China Building Huge Supercomputing Center

An image of the design for a new supercomputing center in China that will house Tianhe-1A, the top performing system in the recent Top 500 ranking.

China is building a new supercomputing center to house the world’s most powerful supercomputer. Officials in Hunan province broke ground Nov. 28 on China’s third National Supercomputing Center, which will be located in Changsha and house the Tianhe-1A system, which placed atop the new Top 500 rankings released last month.

The striking new facility joins two existing supercomputing centers located in Tianjin and Shenzhen. Upon completion, the Tianhe-1A at the NSCC in Changsha will be able to provide supercomputing services to support weather forecasting, scientific research, biological pharmaceuticals, animation design and other complex work in central China, said Xu Shousheng, provincial governor of Hunan. “The setting up of the NSCC in Changsha will raise the innovative level of Hunan Province and of central China,” said Xu. The system is also expected to support research for the military, as noted by Patrick Thibodeau at ComputerWorld.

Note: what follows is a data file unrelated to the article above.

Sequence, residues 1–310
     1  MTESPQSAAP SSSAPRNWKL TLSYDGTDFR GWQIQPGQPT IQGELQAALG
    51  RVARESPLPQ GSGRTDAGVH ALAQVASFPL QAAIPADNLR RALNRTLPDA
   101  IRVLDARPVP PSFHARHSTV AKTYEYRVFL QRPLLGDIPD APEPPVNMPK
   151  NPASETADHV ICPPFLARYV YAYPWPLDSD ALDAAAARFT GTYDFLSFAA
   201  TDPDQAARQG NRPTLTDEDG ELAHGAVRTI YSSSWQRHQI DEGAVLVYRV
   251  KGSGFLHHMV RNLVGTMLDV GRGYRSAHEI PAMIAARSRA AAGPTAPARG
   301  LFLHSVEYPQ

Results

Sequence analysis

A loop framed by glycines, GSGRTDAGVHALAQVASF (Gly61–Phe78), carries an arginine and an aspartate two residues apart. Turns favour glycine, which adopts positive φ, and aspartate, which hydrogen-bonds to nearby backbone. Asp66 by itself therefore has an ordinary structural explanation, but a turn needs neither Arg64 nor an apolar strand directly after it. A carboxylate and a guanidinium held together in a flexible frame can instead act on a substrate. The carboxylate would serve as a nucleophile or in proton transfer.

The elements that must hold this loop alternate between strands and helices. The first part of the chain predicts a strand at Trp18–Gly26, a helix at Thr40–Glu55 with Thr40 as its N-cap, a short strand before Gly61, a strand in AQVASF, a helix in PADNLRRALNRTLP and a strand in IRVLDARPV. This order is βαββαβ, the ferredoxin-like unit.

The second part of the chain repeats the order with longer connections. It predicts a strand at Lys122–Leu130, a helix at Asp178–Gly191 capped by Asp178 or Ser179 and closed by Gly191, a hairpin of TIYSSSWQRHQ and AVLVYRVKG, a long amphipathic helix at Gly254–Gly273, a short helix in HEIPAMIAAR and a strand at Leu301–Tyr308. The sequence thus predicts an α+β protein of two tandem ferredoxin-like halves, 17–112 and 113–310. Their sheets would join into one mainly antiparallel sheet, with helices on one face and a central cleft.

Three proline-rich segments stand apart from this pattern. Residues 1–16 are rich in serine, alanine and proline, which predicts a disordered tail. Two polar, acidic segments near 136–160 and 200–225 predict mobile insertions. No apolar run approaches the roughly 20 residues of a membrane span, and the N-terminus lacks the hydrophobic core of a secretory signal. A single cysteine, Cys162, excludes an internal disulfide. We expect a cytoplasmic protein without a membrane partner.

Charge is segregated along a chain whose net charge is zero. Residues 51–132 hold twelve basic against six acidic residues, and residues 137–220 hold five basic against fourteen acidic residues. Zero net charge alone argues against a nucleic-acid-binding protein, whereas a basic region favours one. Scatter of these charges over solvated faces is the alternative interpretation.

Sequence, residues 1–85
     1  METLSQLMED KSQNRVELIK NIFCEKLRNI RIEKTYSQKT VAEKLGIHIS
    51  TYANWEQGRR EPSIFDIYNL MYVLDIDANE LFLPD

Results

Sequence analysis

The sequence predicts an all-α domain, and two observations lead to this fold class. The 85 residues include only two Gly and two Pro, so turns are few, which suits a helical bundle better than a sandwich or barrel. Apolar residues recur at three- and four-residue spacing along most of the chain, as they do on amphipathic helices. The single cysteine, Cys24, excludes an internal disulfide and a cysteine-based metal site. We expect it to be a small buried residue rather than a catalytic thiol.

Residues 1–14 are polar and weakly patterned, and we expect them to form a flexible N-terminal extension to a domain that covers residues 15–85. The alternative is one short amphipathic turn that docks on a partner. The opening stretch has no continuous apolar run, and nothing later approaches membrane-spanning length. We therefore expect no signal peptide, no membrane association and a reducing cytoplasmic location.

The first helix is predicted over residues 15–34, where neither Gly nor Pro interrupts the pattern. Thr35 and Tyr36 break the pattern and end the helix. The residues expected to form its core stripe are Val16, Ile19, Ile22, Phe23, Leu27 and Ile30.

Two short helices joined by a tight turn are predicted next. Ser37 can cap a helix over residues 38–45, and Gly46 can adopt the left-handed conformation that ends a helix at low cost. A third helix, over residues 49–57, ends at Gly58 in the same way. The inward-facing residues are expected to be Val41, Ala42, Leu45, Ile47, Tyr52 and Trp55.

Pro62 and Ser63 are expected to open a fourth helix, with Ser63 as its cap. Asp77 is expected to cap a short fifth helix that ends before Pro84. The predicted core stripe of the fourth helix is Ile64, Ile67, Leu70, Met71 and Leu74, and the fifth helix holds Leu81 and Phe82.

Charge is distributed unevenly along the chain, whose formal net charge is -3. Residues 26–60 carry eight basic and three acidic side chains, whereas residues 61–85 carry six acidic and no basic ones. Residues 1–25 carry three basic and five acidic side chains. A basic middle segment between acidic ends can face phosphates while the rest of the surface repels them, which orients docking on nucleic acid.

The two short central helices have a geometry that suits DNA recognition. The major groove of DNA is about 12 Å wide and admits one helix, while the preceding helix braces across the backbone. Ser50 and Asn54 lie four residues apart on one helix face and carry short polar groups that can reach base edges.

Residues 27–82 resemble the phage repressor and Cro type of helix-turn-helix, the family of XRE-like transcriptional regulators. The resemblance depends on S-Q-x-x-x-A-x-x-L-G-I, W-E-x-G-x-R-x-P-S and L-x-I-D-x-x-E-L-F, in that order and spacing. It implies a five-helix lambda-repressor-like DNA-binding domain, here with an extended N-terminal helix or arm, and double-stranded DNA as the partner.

The second-generation Tianhe (pronounced “tee-awn-hoo-wa”) system is named after the Milky Way galaxy. A heterogeneous computer, Tianhe-1A uses a proprietary interconnect to couple massively parallel GPUs with multi-core CPUs, enabling significant advantages in performance, size and power. The Tianhe takes advantage of 7,168 NVIDIA Tesla M2050 GPUs, 14,336 CPUs, and 262 Terabytes of distributed memory.

For more on China’s progress in supercomputing, see China’s Long Climb to the Supercomputing Top at Pingdom. For more on the Changsha project, see coverage at Xinhuanet.

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About the Author

Rich Miller is the founder and editor at large of Data Center Knowledge, and has been reporting on the data center sector since 2000. He has tracked the growing impact of high-density computing on the power and cooling of data centers, and the resulting push for improved energy efficiency in these facilities.

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  1. jeff

    Whats really funny is that our government embargoes a lot of technology that our leading tech companies could be selling to them and making money on. clearly this has not slowed them down much. I guess we will now miss that market.